Clearing My Shelves Mini-Reviews: The Fiction Edition

March 3, 2021 Uncategorized 8 ★★★

Clearing My Shelves Mini-Reviews: The Fiction EditionTitle: God Loves Haiti
Author: Dimitry Elias Léger
Links: Bookshop (affiliate link) |Goodreads

I really enjoyed most of this book, but I knocked a star off for how much I disliked the ending. The bulk of this story about the 2010 earthquake in Haiti was an impressive blend of dark humor and sincere human emotion. The many ways people reacted to tragedy felt true-to-life. The dark humor was used to great effect to comment on Haitian politics and history. As someone who knew little about Haiti previously, I was given enough context that I felt I could follow this commentary. I also enjoyed the use of religious imagery. It was a clear theme that was easy to pick up on and, if I’m totally honest, that made me feel like a good reader. The ending was the only let down. It wasn’t clear exactly what happened. What was revealed didn’t feel believable to me and without an explanation of how we got there from here, the ending didn’t work for me.

Clearing My Shelves Mini-Reviews: The Fiction EditionTitle: The Small Backs of Children
Author: Lidia Yuknavitch
Links: Bookshop (affiliate link) |Goodreads

There was very little I liked about this book. There were rare glimpses of beautiful, heartbreaking writing about tragedy. Other than that, there was little to recommend this story of a young woman photographed in a war torn country and the artists obsessed with her. The story has a whole didn’t make much sense and relied on several coincidences. Parts of this were gimmicky or literary in ways I enjoyed. Mostly it felt pretentious to me and many of the gimmicks didn’t land. There was a lot of graphic imagery, including brutal violence and often equally brutal sex. I didn’t feel like all of it added to the story. Some of it wasn’t even believable. Parts felt not just factually incorrect, but lacked the emotional truth fiction can capture. I’m willing to read about trauma if I feel like I’m learning something about the world. In this book, there wasn’t that pay off.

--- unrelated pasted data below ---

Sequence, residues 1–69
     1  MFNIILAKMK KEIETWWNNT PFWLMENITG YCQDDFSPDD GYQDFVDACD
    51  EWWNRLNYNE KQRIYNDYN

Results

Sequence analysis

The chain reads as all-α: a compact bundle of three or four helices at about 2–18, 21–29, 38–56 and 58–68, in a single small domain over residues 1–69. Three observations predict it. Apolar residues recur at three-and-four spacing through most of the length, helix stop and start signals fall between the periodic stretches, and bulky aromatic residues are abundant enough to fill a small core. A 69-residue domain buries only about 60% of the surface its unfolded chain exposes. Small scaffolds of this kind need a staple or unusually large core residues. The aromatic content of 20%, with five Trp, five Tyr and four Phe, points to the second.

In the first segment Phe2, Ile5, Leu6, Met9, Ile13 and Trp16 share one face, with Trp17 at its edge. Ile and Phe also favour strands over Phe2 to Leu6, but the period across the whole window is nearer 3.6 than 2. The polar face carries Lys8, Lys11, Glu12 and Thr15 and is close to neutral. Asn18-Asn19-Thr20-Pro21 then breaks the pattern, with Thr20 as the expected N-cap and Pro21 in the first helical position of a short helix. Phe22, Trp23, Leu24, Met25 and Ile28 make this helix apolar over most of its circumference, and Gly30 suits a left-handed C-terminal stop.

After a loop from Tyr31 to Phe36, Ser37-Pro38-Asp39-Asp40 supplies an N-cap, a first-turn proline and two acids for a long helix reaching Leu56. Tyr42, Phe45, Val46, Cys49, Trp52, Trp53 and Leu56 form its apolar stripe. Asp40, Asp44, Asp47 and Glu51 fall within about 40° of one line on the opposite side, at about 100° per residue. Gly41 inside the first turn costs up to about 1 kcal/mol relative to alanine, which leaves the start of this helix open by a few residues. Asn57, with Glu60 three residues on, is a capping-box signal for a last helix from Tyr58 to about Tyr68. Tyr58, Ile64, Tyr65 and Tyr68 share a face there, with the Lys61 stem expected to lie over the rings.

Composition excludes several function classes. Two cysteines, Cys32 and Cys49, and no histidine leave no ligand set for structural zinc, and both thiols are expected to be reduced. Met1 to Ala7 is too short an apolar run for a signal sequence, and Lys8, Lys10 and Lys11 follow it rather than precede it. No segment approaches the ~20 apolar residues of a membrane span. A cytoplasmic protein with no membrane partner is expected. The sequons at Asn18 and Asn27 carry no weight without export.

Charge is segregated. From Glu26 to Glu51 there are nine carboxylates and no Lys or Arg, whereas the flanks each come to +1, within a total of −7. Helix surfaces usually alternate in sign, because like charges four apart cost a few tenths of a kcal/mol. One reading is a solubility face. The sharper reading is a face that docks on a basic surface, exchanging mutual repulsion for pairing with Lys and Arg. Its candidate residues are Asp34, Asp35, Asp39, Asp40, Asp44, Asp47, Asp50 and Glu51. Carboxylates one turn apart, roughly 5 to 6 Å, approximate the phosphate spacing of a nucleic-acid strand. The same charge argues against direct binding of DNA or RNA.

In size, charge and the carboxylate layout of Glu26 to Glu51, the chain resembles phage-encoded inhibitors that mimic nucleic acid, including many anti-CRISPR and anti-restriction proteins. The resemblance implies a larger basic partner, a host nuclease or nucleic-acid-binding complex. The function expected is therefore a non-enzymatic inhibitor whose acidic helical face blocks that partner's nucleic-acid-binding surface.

Clearing My Shelves Mini-Reviews: The Fiction EditionTitle: The Lost Diary of M
Author: Paul Wolfe
Links: Bookshop (affiliate link) |Goodreads

I always feel bad being grumpy in two book reviews in a row, but not much about this book worked for me either! I prefer historical fiction that largely follows historical fact, at least for the major beats of the story. This book about Mary Pinchot Meyer, a staunch peace advocate having an affair with JFK, goes full on conspiracy theory, making up explanations for JFK’s murder. It’s equally imaginary in the small details. Little is known about Mary Meyer, so the details of her life and daily interactions were barely fact-inspired. This supposedly feminist story largely hinges on Mary’s relationships with men. Nearly nothing happens. Her voice in her diary wasn’t convincing. It front-loaded salacious details and included flash backs that felt like parts of a novel, but not part of a someone’s personal diary. There were parts where I enjoyed Mary’s brash character and some of the ‘celebrity sightings’ in her life were amusing. Otherwise, I don’t have much good to say about this one.

8 Responses to “Clearing My Shelves Mini-Reviews: The Fiction Edition”

    • DoingDewey

      Haha, I feel I might have gotten your hopes up too much, because it wasn’t exciting, just unbelievable. SPOILER TO FOLLOW…

      So, the whole book is about this love triangle involving a married woman and somehow, after a fade to black, she’s decided to be a nun and both the husband and lover are totally OK with this. It was very strange and I found it neither understandable nor satisfying.

  1. Liz Dexter

    Lovely honest thoughts, thank you! I just gave up on a novel as I disliked the central character and could see the dog was being used just to add some peril. Gr.

    • DoingDewey

      Thanks, Liz! I hate when author’s put animals in peril just to make the story more exciting. Actually, I pretty much always hate stories where bad things happen to animals, but in some books, it feels more justified by the story than it does in others.

  2. Rennie

    The Lost Diary of M sounds really disappointing. I hate anything that goes full-on conspiracy theory without any foundation…let’s not encourage that kind of speculation, seriously. I’ve heard a lot of praise Lidia Yuknavitch’s memoir but the novel sounds disappointing too, what a bummer!

    • DoingDewey

      Yes! I agree completely. No reason to make up new conspiracy theories, when so many are already floating around. I feel like I’d heard a lot of good things about Yuknavitch’s The Small Backs of Children, but honestly, I think it might have been too literary and experimental for me. It definitely wasn’t my thing!

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